Ayiti Konekte
by on June 3, 2023

Welcome to a flavorful journey through the vibrant culinary traditions of Haiti! In this blog post, we invite you to discover the secrets behind a beloved Haitian dish: griot. Picture succulent pieces of pork, marinated in a tantalizing blend of citrus juices, garlic, and aromatic spices. These mouthwatering morsels are then expertly fried to achieve a perfectly crispy exterior, while retaining their juicy tenderness within. But that's not all! Griot is not complete without its faithful companions: fragrant rice cooked with beans, and a tangy, spicy kick from pikliz, the Haitian pickled cabbage relish. So, fasten your seatbelts and get ready to delve into the rich flavors, cultural heritage, and captivating aromas of Haiti as we guide you through the directions to prepare this tantalizing dish. Get ready to savor every crispy bite, embrace the warmth of Caribbean spices, and embark on a culinary adventure like no other. Let's begin our journey to master the art of Haitian griot!


  • 2 pounds of pork shoulder, cut into bite-sized pieces
  • Juice of 2 sour oranges or limes
  • 4 cloves of garlic, minced
  • 2 teaspoons of salt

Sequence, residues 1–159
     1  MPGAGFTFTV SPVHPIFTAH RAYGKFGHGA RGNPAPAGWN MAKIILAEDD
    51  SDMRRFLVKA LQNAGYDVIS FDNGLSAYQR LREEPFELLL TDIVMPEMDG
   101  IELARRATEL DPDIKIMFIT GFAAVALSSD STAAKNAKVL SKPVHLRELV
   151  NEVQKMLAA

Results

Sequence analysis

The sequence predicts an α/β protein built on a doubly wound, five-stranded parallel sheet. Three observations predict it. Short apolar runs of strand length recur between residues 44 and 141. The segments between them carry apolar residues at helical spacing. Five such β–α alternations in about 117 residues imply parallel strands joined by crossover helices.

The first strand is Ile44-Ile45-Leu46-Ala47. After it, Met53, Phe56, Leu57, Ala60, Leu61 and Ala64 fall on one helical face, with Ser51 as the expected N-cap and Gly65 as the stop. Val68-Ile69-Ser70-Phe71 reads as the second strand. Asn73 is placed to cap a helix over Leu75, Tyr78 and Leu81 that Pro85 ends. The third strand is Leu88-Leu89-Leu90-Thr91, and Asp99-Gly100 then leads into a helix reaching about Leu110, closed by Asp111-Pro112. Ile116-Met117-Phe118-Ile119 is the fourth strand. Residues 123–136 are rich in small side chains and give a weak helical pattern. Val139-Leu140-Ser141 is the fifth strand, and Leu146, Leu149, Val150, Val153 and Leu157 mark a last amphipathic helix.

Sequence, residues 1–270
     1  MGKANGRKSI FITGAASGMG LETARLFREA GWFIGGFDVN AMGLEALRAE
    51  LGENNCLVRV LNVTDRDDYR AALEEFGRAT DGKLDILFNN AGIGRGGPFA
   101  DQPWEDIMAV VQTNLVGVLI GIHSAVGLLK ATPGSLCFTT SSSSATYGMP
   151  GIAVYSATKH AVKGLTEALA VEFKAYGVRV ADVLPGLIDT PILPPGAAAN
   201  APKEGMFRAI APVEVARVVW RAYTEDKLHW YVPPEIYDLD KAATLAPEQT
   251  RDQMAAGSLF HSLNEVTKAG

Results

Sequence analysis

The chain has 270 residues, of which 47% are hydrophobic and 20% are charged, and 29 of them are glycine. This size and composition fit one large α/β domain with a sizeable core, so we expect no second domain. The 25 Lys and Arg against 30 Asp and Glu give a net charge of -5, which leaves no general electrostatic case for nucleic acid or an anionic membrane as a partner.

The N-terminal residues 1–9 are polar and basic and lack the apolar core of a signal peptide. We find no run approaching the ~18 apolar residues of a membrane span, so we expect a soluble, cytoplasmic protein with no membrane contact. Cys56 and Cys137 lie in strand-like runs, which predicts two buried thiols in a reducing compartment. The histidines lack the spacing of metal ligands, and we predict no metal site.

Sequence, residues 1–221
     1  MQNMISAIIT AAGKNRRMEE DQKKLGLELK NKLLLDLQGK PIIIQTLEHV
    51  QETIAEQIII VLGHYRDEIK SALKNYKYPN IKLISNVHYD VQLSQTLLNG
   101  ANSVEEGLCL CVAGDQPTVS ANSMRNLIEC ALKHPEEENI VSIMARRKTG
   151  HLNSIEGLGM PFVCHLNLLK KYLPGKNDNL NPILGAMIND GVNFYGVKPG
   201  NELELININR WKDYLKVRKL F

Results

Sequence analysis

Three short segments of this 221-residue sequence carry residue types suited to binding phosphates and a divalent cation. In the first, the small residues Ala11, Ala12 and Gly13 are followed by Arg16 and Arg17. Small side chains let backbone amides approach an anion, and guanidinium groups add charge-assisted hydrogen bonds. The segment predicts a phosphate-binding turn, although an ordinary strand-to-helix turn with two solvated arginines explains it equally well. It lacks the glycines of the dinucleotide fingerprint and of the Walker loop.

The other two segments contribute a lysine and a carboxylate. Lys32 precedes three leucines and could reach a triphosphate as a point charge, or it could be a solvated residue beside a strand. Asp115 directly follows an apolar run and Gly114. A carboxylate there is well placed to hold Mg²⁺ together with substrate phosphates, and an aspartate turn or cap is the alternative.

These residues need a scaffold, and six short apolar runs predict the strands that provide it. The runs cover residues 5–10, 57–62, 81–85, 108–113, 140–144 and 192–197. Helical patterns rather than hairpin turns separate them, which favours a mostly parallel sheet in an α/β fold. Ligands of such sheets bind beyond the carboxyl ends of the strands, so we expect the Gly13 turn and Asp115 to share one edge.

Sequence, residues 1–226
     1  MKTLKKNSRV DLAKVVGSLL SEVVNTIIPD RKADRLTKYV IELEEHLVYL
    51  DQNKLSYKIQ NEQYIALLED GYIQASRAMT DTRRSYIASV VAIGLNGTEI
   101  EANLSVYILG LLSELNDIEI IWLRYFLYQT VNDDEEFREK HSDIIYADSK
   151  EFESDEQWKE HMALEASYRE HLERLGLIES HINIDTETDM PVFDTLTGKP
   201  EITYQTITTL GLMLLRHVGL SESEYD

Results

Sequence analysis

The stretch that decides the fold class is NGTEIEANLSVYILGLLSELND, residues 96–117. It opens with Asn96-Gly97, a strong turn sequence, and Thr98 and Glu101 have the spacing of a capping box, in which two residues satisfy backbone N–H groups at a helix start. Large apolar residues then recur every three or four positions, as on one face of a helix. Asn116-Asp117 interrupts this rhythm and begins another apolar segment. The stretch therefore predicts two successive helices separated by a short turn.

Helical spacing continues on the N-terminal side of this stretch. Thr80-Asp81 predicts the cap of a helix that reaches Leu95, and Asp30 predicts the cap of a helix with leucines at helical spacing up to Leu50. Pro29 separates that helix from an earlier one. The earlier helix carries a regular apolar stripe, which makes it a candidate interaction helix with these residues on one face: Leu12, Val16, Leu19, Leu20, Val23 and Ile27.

• 1 teaspoon of black pepper
  • 1 teaspoon of dried thyme
  • 2 whole cloves
  • 1 Scotch bonnet pepper, seeded and minced (optional, for spice)
  • Vegetable oil, for frying

For serving:

  • Cooked rice and beans
  • Pikliz (spicy pickled cabbage and vegetables)
  • Fried plantains (optional)


  1. In a large bowl, combine the pork pieces, citrus juice, minced garlic, salt, black pepper, thyme, cloves, and minced Scotch bonnet pepper (if desired). Mix well to ensure the pork is evenly coated. Cover the bowl and refrigerate for at least 2 hours or overnight for maximum flavor.

  2. Heat vegetable oil in a large, deep skillet or Dutch oven over medium-high heat.

  3. Once the oil is hot, carefully add the marinated pork pieces to the skillet, making sure not to overcrowd the pan. Fry the pork in batches if needed.

  4. Cook the pork for about 8-10 minutes, turning occasionally, until the pieces are golden brown and crispy. Adjust the heat as necessary to maintain a consistent frying temperature.

  5. Once the pork is cooked, remove it from the skillet using a slotted spoon and transfer it to a paper towel-lined plate to drain excess oil.

  6. Repeat the frying process with the remaining pork until all the pieces are cooked.

  7. Once all the pork is fried and drained, it is ready to be served. Arrange the griot on a platter or individual plates.

  8. Serve the griot with cooked rice and beans on the side. Add pikliz for a tangy and spicy kick. You can also serve fried plantains as a delicious accompaniment if desired.

Enjoy the delicious Haitian griot with rice, beans, and flavorful sides!

Note: When working with Scotch bonnet peppers, be cautious as they can be very spicy. Adjust the amount according to your personal preference for heat.

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